C. Site Visit
For further information about the site team visit and report process, please refer to the Councilís policy documents, which are available from the Councilís web site at www.ehacoffice.org.
The site team normally is composed of an environmental health science and protection academician and a practitioner. If undergraduate and graduate curricula offered by an institution are reviewed simultaneously, the survey team will include two academicians, one associated with an undergraduate program and the second with a graduate program, and a practitioner.
The purpose of the site visit is to verify information submitted to the Council and to supplement that material with information and comprehensive knowledge of the environmental health science and protection curriculum and the organization and administration of the program. The site visit team explores relationships established by
the environmental health science and protection faculty with students, the community and faculty in related programs. A model agenda for a site visit is shown in Table 3. After completing its initial review and as its final activity before leaving the institution, the site visit team again meets with the dean or other appropriate administrators to report on its observations.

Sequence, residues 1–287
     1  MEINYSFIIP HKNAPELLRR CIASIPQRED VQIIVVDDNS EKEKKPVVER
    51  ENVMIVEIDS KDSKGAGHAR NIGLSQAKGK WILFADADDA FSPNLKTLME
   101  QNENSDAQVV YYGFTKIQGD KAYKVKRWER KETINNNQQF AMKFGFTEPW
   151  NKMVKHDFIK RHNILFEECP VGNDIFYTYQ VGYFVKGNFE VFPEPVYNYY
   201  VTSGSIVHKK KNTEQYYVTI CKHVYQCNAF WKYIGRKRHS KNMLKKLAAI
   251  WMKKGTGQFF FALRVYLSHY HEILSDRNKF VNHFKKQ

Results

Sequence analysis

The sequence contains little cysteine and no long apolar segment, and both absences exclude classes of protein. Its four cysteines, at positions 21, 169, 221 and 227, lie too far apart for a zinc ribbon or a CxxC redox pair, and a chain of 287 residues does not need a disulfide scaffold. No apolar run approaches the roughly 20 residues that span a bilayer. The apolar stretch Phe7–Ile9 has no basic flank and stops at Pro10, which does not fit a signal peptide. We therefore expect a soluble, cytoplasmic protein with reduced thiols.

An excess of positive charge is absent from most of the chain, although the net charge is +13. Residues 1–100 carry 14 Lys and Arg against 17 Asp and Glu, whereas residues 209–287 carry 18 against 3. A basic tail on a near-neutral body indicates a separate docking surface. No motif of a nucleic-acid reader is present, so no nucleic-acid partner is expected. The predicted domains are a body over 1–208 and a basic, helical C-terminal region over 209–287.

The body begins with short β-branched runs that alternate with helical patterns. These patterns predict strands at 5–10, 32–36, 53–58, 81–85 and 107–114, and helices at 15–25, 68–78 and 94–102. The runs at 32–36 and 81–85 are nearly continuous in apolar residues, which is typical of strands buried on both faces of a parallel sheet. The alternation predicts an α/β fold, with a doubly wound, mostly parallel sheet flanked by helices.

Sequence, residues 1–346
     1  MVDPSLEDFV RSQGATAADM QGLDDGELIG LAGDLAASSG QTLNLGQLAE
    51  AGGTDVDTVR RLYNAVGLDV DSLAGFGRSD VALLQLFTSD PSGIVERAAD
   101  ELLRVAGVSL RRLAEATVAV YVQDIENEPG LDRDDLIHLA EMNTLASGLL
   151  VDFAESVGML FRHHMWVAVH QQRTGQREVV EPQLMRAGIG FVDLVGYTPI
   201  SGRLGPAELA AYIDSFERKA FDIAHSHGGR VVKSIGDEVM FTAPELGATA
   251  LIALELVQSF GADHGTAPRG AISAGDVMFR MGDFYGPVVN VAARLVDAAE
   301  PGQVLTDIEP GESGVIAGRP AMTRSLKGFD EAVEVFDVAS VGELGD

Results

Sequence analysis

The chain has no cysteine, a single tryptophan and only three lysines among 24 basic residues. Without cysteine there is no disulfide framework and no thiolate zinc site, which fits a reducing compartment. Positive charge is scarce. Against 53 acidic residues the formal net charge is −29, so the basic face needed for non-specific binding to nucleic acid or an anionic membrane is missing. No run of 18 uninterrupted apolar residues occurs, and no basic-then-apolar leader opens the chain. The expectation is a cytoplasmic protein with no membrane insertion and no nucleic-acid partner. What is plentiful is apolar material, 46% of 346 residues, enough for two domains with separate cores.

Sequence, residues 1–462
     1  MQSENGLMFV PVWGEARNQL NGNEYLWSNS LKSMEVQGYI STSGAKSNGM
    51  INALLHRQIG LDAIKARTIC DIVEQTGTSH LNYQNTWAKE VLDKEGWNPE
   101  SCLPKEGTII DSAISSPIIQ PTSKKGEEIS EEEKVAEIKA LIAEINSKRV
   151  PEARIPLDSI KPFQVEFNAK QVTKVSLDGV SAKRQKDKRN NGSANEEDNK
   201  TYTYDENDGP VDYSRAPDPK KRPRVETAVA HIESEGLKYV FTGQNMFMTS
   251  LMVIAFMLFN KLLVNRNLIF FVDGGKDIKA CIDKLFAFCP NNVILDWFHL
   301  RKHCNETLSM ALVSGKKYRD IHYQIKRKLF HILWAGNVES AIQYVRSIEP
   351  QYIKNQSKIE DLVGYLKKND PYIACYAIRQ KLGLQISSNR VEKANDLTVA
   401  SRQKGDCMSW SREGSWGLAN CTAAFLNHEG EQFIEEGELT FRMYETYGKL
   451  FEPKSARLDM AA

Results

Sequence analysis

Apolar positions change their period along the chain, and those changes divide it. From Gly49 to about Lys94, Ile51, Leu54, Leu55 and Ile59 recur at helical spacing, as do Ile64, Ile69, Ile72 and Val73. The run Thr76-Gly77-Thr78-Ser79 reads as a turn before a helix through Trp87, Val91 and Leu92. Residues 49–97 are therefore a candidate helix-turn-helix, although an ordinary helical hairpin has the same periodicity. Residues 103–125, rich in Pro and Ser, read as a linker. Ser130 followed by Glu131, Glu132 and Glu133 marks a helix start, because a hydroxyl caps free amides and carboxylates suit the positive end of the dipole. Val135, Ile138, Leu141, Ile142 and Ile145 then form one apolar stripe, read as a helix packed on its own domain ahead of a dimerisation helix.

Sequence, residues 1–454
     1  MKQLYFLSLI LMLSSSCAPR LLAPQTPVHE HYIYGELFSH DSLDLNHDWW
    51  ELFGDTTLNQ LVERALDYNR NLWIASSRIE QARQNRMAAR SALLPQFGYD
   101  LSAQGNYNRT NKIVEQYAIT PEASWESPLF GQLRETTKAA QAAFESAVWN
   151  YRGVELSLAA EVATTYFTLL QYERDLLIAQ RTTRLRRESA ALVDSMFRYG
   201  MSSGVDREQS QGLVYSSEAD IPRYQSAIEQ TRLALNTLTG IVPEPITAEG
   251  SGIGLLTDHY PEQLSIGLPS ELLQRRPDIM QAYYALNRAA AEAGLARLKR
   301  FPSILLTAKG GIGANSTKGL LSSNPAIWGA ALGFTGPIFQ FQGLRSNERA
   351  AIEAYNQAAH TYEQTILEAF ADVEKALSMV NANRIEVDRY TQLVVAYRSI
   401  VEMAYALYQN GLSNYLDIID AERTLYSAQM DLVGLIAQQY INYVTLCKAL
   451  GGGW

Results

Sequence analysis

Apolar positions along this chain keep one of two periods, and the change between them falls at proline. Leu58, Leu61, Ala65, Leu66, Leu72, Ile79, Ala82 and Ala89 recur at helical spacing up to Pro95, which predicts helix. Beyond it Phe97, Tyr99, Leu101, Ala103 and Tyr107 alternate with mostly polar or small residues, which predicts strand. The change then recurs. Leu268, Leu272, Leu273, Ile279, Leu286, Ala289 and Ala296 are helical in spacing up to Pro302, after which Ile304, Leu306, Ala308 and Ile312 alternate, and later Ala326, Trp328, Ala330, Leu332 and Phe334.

After leaving the institution, the site visit team prepares a written report detailing its observations and providing recommendations for the enhancement of the program with respect to accreditation guidelines. The environmental health science and protection program administrator will have an opportunity to review the site visit team report for accuracy before it is submitted to the Council.
At the next annual meeting, the site visit team will report its findings to the Council. Representatives of the institution are strongly encouraged to attend this meeting and be available to respond to questions. Closed sessions of the Council relevant to a specific program are treated as confidential information. Self-study reports and site team reports are public documents available for review.
D. Schedule of Fees
- Application for Initial Accreditation, one time only: $500
- Application for Initial Accreditation second program, one time: $300
- Application for Reaccreditation (each program): $250
- Site-Visitor Expenses: Actual and reasonable
- Annual Accreditation Fee (For one program): $1,150